The future already exists, you just have to look for it.
I was watching a video, and in the comments I found that someone said, ” If you want someone to learn about something, why don’t you turn it into a video game? So many people play video games! “ And I find that I can’t really disagree with him.
It’s not necessarily true for everyone, but I think there are many people who would much rather throw themselves into an interactive world then delve into a textbook. Sure, there would be many subjects that would be very difficult to put into game format, but I think it could be done.
Instead of reading a textbook, a person could learn ” the rules of the game”, and then be put into a semi- realistic scenario where they could use their best judgement and apply that knowledge.
People do this with video games all the time. You have to learn how the video game works before you can play it, and then you are ready to go. And you are not an expert right away, but with practice, and with being challenged with progressively harder scenarios, you become better at the game.
I know I would play a video game that taught me things about different fields.
While there would be problems like ” the game scenarios are predetermined, and it doesn’t vary, it’s already programmed into the game”, it would still be interesting, maybe even useful.
What’s more important than understanding what something is, is to understand why something is. What’s a hovercraft? Well, it’s a mechanism that hovers over the ground. But why does it hover over the ground? If you understand why, then you begin understand how. To understand why something works, means you truly understand the properties at hand, and as a result you understand how to do it yourself. If you understand the steps to recreate, then you truly understand the object.
A lot of the answers to our questions lie right in front of us. The perfect model is Nature itself. Nature has been around longer than us, it already has constructed properties based on the effects of forces around it. We are a part of it. If we can understand the what, why, and how of Nature, then we can solve a lot of problems that we face.
New from me at Wired, a graphene inspired photovoltaics breakthrough:
Two things hold back the mass adoption of solar energy as a source of sustainable energy. One is the need to store and transmit excess power, a problem people like Danielle Fong are working on solving by developing innovative new ways to store power. The other is the high cost of solar panels. One of the reasons solar panels are so expensive is that it’s tricky to extract electric currents from semiconductors, the materials used to convert solar radiation into electrical energy.
Up til now, this could only be done with a few materials — usually silicon. But a new breakthrough will enable manufacturers to make efficient photovoltaics using almost any semiconductor, including cheap and abundant materials like metal oxides, sulfides, and phosphides.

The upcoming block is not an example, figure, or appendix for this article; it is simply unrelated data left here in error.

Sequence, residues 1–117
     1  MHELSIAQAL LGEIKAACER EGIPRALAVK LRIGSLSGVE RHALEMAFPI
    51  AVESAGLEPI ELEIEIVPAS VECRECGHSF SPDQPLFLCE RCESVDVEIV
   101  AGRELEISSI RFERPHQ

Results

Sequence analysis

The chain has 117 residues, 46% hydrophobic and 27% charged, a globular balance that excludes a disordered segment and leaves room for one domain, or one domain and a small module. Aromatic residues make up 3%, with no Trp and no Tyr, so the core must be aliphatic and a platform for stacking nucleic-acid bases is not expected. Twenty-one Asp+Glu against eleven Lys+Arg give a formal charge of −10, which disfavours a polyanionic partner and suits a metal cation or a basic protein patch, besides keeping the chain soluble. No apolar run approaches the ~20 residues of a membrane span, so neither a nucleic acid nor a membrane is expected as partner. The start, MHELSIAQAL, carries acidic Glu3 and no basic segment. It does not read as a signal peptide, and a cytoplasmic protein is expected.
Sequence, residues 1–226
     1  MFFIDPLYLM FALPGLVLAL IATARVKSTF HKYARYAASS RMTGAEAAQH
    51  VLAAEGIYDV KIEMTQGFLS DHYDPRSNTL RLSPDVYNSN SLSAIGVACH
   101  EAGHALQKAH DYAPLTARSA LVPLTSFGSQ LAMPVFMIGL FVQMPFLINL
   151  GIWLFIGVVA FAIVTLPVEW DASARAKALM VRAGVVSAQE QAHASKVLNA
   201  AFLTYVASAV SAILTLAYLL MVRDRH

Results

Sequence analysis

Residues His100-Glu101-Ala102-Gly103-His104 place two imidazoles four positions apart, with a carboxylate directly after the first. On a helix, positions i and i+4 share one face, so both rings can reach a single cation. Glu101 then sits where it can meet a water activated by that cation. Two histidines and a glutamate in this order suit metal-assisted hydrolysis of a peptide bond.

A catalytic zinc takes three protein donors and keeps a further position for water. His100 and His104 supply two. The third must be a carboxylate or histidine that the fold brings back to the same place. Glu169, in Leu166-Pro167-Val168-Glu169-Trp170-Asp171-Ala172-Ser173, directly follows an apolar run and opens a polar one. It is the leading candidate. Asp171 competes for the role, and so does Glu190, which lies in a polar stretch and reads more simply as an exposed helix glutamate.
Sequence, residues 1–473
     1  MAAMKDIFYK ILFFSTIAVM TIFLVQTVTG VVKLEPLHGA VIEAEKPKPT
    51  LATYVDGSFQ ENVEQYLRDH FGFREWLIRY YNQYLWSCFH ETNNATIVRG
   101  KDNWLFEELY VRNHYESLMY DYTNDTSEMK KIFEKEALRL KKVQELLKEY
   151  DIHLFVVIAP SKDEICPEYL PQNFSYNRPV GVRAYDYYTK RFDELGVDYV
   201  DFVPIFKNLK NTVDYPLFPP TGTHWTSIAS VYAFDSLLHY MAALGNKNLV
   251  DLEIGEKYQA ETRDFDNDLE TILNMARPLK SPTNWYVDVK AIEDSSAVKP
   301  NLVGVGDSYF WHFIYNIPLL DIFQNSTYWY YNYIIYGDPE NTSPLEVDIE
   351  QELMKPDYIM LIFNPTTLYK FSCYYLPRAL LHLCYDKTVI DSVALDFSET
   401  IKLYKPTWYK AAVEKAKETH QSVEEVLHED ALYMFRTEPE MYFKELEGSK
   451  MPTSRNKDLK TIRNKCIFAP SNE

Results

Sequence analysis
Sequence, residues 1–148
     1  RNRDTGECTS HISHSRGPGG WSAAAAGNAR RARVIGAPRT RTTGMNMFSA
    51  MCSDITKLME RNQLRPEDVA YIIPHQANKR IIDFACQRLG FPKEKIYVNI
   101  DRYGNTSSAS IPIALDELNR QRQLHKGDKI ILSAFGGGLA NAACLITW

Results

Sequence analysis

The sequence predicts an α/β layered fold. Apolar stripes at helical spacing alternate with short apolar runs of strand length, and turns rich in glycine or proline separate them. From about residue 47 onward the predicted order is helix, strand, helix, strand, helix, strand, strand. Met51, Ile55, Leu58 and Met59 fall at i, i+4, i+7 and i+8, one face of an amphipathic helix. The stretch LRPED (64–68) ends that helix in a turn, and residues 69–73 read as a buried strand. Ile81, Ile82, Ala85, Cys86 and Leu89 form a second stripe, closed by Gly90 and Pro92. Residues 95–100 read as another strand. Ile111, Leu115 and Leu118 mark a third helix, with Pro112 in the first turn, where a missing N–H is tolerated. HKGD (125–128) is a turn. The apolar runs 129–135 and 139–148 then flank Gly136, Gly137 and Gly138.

A typical photovoltaic cell is built with silicon and treated with chemicals. This treatment is called “doping,” and it creates the driving force needed to extract power from the cell. Photovoltaics can also be built with cheaper materials but many of these can’t be doped chemically. But a method developed by Professor Alex Zettl’s research group at Lawrence Berkeley National Laboratory and University of California at Berkeley makes it possible to dope nearly any semiconductor by applying an electric field instead of chemicals. The method is described in a paper published in the journal Nano Letters.
Photo courtesy of Paul Takizawa, the Zettl Research Group, Lawrence Berkeley National Laboratory and University of California at Berkeley.
I need inspiration just as much as anyone else, so if anyone ever wants to just send me a message and talk to me about anything science/philosophy/engineering/ nanotech/ robotics / futurism/etc, go ahead. I love talking about those things; and I feel like I haven’t been able to find people who actually do for awhile.
I need help.
Since nanotechnology is not a major in most universities, since it’s still kind of ’ new ‘, I need to take classes that will lead to me telling them my specific direction ( being nanotechnology). I was thinking that I would have to take engineering courses, since it is, technically, a type of engineering. I was thinking that taking chemistry/biochemistry classes would be necessary; Physics classes too, I think. But what about biology?
Any ideas? Opinions? It’s hard to say, with nanotech.
I’m thinking a dual major engineering + Physics with a biochemistry minor would make sense.